During his decades-long tenure at the University of the West Indies, the respected pharmacologist Professor Manley West conducted landmark research into cannabis as a potential treatment for glaucoma alongside the noted ophthalmologist Dr. Albert Lockhart. As a result of their work, which began in 1964 and investigated traditional cannabis use in Jamaican communities, they developed cannabis-based eye-drops and gained approval to market their product in Jamaica under the name “Canasol”, in 1987. Professor West sadly died in 2012, and will be much missed by the medical cannabis community in Jamaica and beyond.
Canasol has been demonstrated to be effective in lowering intraocular pressure, and has also been shown to potentiate the effectiveness of other widely-used glaucoma drugs such as Timolol. Recently, a new and improved drug was developed by the same research team; this drug is known as Cantimol, and contains Canasol and Timolol, but has not yet been approval for market. Canasol contains no psychoactive cannabinoids and has also been widely prescribed by physicians in the USA and Canada—and has apparently been used by patients in the UK and Australia too, despite not having market approval or a legal precedent for use.
A common phenomenon found in glaucoma patients is mydriasis, in which the pupil becomes dilated. In fact, it is thought that extreme mydriasis may actually cause the characteristic bulging-out of the iris in attacks of closed-angle glaucoma—in order for the pupil to dilate, muscle tissue in the iris (known as the dilator pupillae) must contract. When muscle tissue contracts, it bulges, and in extreme cases this bulging tissue can expand into the anterior chamber (the fluid-filled space between the iris and cornea) and press up against the cornea, totally preventing escape of aqueous humour via the anterior chamber and into the trabecular meshwork.
The opposite of mydriasis is miosis (not to be confused with the form of cell division known as meiosis). Miotic drugs are highly useful in glaucoma treatment, not only CAG, as constriction of the pupil allows increased drainage of aqueous humour into the trabecular meshwork. Cannabis has been shown to possess miotic properties on various occasions, including one notable case of apparent acute cannabis poisoningin a 20-month-old infant.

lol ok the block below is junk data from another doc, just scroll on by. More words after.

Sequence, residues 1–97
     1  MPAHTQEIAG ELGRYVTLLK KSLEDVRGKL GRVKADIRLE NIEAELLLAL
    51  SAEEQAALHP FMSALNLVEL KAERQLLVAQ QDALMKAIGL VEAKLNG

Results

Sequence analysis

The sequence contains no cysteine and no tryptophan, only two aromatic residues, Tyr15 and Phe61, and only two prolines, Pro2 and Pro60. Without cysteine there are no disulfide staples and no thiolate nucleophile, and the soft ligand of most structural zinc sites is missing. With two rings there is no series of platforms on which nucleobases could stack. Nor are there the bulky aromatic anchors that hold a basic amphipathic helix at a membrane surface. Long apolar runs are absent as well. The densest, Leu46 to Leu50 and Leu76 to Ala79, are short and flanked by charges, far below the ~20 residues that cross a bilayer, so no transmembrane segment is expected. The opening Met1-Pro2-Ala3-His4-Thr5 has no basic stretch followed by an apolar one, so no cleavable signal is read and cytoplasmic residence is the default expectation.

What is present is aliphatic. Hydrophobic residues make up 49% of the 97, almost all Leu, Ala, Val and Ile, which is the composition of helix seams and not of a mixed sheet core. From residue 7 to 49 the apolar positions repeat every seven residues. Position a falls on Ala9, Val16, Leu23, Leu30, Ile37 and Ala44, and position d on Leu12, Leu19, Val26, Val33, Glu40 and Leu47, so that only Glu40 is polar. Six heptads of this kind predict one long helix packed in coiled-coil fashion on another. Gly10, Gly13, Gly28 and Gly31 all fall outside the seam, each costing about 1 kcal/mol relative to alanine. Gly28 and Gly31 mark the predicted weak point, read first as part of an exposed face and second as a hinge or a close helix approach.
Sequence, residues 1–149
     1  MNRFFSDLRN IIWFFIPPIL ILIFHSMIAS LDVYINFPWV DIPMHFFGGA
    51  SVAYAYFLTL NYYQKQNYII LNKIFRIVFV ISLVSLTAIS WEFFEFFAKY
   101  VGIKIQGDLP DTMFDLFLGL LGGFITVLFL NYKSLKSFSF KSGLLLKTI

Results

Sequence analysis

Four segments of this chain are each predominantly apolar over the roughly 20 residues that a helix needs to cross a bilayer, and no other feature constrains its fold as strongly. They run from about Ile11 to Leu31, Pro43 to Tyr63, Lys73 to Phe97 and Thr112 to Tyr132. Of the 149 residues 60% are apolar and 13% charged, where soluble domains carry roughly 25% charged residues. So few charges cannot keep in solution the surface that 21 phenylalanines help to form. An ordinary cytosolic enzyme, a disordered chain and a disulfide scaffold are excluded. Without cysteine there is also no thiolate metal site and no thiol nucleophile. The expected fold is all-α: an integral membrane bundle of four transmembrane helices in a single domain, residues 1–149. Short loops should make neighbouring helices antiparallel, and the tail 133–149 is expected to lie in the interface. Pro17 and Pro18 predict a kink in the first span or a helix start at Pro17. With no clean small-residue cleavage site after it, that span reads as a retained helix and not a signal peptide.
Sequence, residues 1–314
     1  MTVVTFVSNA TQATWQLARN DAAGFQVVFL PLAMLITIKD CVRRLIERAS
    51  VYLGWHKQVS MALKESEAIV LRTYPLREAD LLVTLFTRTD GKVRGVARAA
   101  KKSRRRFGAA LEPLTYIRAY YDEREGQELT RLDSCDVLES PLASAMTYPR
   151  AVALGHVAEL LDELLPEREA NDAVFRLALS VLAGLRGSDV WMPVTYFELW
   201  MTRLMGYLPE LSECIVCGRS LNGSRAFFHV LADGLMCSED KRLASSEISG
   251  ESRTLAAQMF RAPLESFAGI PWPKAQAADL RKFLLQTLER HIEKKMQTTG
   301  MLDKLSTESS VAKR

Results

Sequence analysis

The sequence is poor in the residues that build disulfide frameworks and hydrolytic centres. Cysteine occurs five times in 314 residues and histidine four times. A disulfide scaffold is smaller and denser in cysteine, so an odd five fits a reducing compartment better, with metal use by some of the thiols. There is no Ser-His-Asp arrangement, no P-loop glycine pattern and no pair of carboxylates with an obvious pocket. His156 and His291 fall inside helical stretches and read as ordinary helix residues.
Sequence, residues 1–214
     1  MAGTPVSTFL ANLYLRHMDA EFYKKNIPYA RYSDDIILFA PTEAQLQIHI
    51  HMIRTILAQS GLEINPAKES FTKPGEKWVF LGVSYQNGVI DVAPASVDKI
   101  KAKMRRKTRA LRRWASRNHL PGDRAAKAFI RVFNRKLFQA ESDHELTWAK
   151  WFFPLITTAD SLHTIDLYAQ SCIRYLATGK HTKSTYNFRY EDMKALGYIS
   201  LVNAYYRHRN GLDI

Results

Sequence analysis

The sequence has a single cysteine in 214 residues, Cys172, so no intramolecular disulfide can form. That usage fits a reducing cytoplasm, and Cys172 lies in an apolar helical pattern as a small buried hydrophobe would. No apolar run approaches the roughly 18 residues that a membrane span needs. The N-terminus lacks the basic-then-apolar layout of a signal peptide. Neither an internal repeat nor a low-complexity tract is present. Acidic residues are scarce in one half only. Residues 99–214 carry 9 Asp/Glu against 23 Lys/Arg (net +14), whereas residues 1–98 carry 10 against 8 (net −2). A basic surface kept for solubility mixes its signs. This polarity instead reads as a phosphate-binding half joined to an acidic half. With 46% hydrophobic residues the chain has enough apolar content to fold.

While the majority of glaucoma cases are painless, the rarer form of the disease (known as closed-angle glaucoma or CAG) is characterized by sharp, stabbing pains in the eyeball and rapid loss of vision, which may be permanent if not given medical attention. Closed angle glaucoma differs from the more common form in that it produces acute symptoms instead of chronic (and generally painless) symptoms. An attack of CAG is considered a medical emergency, and occurs due to a total blockage of the trabecular network (rather than a progressively reduced ability to drain aqueous humour, as with OAG) caused by a sudden bulging forward of the iris.
Although not specifically tested as an analgesic in glaucoma cases, cannabis’ wide-spectrum efficacy as an analgesic, mood-enhancer and muscle relaxant may provide subjective relief to individuals suffering from acute attacks of closed-angle glaucoma.
On the basis of recent research, some medical professionals are beginning to suspect that persistent, low-level inflammation in the trabecular meshwork may have an important role to play in the progressive, chronic form of glaucoma, OAG. As well as this, a further type of glaucoma that is often found in patients suffering from uveitis (inflammation of the uvea, the area of the eye that contains the iris and the ciliary body) is known as inflammatory glaucoma as it has been proven that inflammation of the trabecular meshwork is to blame. In most respects, inflammatory glaucoma resembles OAG, but is characterized as occurring as a secondary symptom of uveitis.